While I am, generally speaking, very impressed with this lightweight app, there is just one area I would like to see improvements on. The app does feature 3D Touch functionality, but the widget that appears when you do this, and which you see when you swipe across from the homescreen, is a little strange. When the widget is active, but minmised, you get a basic view that gives you a total count of location based tasks, overdue tasks and upcoming tasks. This isn’t a hugely helpful view. If you hit ‘show more’ you do, however, see the more familiar Home app style view of up to 9 upcoming tasks which you can mark off directly from within the app. This widget would be far more helpful if you could also add tasks here as well.

Seeing as the app relies on the Reminders framework, Siri integration is great within the app. You can use the standard Siri phrasing to add new reminders which will instantly show within the app, which is an underrated but great aspect of using Reminders as your back-end. Memento allows you to tie the app into Shortcuts as well. It’s nice to see apps continue to take advantage of this aspect of iOS 12.

If the Reminders functionality is enough for your To Do needs, but you’re a bit tired of the dated and bland look of the Reminders app proper, I would definitely recommend giving Memento a try. I’m certainly enjoying using it and will continue to experiment with it over the coming weeks and months.

The 2018 iPad Pro

You’ve probably read a fair few iPad Pro Reviews, most of which have walked the well trodden ground of previous iPad Pro reviews and asked the question:

“Can an iPad replace your laptop?”

Pretty much all reviews from the big named sites, such as The Verge seemed to come away with the same answer, NO. They didn’t, however, to me at least, give very valid reasons for this case. I do appreciate that reviews from an individual writer are, intrinsically, personal views. I have nothing against the fact that Nilay Patel, in his review for The Verge, could not replace his laptop with an iPad Pro. I do, however, begrudge the idea that most of these reviews put across that no one can replace their laptop for the things they want to do. I, for one, have done just that and I know many others that have also.

This review will not be a deep dive into all of the things you can’t do on an iPad. This is a review from a dedicated iPad user, for iPad users.

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Hardware

Prior to picking up the 2018 iPad Pro 12.9″, my main device was last years 10.5″ model. I had the 1st generation iPad Pro 12.9″ prior to that. I switched to the smaller model, originally, because while I loved the screen real estate on the larger brother, the device itself was unwieldy, heavy and just generally a bit ugly. Now that I’m fully on board with using an iPad for my personal needs (I have to use a PC at work) I was, however, on the market for the larger size again.

As soon as I removed the new 2018 iPad Pro from it’s packaging I knew I had made the right decision. The device is now unbelievably thin, and light, and the new design is truly something to behold. It feels fantastic both in the hand, and on a desk and, as always, it’s simply a joy to use.

Apple boasted an edge to edge screen and, whilst it is undoubtedly more edge to edge than previous models, it’s far from fully edge to edge like you’d see in an iPhone X or XS. The screen does, however, look amazing it it’s new form. To be able to comfortably hold this device, when not using it as more of a desktop, I don’t think the bezels really could be reduced much more than they are already, however. The design of the case itself is very reminiscent of the iPhone 5 style, which is retro and modern at the same time. Looks wise, it’s the best looking iPad Apple has ever produced. The screen technology is still LCD, and not OLED like the iPhone’s though Apple (or their screen supplier at least) have either done some amazing work on making this screen, or my eyes are just so bad I can’t really tell the difference. I think it’s a little of column A and a little of column B to be honest.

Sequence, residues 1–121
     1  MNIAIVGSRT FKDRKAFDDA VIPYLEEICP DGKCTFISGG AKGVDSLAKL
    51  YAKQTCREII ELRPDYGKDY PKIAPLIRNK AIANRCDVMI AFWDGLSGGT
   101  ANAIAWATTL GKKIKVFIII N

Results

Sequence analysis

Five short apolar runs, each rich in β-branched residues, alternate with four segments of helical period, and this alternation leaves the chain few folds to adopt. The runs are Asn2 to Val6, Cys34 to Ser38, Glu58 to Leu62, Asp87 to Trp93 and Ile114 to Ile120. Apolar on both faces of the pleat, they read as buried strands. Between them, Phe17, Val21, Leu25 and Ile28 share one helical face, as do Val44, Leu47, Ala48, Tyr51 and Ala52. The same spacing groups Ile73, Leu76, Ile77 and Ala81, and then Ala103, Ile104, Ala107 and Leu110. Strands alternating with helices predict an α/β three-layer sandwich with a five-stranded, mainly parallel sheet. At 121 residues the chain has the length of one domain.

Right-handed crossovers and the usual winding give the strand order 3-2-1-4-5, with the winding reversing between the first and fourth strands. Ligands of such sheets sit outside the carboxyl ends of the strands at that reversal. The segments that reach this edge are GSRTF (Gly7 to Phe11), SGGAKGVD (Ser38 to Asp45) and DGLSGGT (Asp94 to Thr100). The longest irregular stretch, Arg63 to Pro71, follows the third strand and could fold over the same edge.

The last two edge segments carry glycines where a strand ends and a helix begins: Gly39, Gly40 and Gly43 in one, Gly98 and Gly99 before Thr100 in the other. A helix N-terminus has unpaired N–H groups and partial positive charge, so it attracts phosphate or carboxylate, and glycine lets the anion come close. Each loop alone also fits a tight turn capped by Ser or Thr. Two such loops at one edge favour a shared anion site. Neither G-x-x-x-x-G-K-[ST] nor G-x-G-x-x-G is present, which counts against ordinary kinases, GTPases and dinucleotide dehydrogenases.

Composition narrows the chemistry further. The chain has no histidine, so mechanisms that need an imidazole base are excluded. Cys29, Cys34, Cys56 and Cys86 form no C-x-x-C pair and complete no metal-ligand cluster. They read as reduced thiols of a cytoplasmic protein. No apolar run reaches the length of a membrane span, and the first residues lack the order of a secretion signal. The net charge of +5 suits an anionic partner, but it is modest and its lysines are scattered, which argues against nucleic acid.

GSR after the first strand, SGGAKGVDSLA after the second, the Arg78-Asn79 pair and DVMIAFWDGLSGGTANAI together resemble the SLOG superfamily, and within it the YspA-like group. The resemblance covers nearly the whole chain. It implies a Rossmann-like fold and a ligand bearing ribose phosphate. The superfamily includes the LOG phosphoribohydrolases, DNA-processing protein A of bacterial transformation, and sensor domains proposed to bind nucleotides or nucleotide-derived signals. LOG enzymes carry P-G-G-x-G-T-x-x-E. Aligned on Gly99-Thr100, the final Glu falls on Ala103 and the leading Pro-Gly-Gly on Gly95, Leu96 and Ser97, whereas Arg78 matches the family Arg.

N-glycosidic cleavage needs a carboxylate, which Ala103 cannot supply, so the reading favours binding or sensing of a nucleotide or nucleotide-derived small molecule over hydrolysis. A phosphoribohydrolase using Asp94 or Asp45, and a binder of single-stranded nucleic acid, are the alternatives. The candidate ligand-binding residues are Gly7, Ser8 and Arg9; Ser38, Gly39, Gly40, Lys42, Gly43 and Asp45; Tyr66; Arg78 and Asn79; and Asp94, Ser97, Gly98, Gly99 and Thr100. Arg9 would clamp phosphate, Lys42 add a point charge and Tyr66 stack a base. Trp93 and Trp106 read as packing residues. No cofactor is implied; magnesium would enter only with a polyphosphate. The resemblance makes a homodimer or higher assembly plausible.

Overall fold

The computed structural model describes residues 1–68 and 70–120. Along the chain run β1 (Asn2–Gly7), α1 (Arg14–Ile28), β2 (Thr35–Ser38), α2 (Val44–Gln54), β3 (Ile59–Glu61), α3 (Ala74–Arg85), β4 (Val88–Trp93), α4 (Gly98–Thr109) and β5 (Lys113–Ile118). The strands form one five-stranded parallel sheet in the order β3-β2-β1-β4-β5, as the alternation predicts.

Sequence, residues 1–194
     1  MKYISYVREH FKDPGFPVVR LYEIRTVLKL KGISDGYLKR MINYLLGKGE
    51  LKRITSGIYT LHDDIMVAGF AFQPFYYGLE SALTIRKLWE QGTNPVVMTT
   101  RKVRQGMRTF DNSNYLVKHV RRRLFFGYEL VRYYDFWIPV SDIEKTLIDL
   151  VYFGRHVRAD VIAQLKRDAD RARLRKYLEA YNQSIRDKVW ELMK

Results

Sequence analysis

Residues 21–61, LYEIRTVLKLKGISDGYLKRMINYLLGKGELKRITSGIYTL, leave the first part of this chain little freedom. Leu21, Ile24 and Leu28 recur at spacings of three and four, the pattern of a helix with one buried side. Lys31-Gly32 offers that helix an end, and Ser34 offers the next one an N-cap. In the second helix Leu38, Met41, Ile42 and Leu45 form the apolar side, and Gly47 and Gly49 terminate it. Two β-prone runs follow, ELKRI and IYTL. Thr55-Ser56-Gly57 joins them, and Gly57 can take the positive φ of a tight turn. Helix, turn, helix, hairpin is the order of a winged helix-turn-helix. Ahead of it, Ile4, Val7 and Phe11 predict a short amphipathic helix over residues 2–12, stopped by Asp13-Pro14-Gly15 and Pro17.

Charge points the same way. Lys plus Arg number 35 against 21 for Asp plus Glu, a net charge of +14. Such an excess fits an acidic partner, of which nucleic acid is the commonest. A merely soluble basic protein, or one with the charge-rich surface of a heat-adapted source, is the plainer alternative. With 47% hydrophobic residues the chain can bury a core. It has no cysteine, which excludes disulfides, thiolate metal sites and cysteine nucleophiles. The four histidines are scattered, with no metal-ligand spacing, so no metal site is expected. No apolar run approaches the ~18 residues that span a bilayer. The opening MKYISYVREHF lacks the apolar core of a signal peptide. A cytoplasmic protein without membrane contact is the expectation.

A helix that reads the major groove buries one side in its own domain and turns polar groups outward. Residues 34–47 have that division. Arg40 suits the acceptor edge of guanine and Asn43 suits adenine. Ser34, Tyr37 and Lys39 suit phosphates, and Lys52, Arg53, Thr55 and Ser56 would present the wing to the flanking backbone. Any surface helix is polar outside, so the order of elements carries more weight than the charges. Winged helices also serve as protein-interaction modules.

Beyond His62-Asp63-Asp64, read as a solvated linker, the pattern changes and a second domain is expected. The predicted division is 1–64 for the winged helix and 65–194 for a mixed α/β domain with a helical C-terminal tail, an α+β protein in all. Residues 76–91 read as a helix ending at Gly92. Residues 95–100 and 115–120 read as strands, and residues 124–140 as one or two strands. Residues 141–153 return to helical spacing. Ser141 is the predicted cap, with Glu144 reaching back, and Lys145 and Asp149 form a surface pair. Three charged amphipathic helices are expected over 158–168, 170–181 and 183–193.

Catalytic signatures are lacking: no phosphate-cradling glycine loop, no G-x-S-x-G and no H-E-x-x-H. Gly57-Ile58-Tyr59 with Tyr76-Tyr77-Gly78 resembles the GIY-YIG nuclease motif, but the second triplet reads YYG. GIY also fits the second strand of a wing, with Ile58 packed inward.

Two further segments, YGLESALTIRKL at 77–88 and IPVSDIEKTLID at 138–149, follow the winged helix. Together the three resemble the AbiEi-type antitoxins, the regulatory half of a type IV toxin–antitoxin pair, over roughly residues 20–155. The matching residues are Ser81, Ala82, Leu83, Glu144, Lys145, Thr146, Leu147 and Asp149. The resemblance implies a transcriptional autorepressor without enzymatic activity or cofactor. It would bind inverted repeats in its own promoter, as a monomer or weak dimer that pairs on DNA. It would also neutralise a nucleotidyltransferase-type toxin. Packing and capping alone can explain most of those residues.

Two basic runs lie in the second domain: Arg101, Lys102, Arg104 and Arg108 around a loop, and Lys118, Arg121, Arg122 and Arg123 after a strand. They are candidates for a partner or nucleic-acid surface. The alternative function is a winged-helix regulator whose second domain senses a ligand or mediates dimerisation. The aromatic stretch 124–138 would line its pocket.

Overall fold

The new iPad ditches the Lightning connector and replaces it with a USB-C connection. This has been praised as opening up a greater potential for the iPad Pro to connect to a greater variety of devices, though I’m as yet to truly understand what this really opens up. I’ve connected the 2018 model, and last years 10.5″ to an external and saw the same letterboxed mirrored display presented on both. I know USB-C allows for the iPad to now drive a 5k monitor, which Lightning apparently couldn’t, but right now that doesn’t equate to much. I learnt recently that iPad’s have been capable of showing something different on an external monitor to that which is displayed on the iPad, but I know of very few apps that have taken advantage of it. Whether the introduction of USB-C will change this is yet to be seen. I hold out hope it will, however.

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One hardware feature that I love, which i didn’t think I would, is the inclusion of FaceID. I’ve been using FaceID for some time now, in the iPhone X and now the iPhone XS Max and I’m not truly convinced that, in that case, it’s better than TouchID. It’s a fantastic system, in general, but for the way I use my phone it can be a bit of a pain. The phone is usually sitting on my desk at work and I always have to pick it up and stare at it, whereas before I could just top my finger on it to unlock and glance down. This, and other points, has been a bit iffy for me to date. FaceID on this iPad, however, seems to be a whole other story. Given the angle and way you use an iPad, the FaceID camera array seems to pick me up far better, and quicker, than ever. The viewing angle seems very good also. I can be trying on my computer at work and glance over my iPad sitting next to me and it unlocks instantly. I’m definitely now sold on FaceID, at least on the iPad. The fact you can also unlock the device by a quick double tap on the space bar is, also, very compelling. It’s one less interaction you need to do by touching the iPad at all. I appreciate it’s a touchscreen device, so touching it is of course to be expected, but it’s also very nice to navigate using keyboard shortcuts. It’s surprising just how much you can do on an iPad via shortcuts, so this is just another nice addition.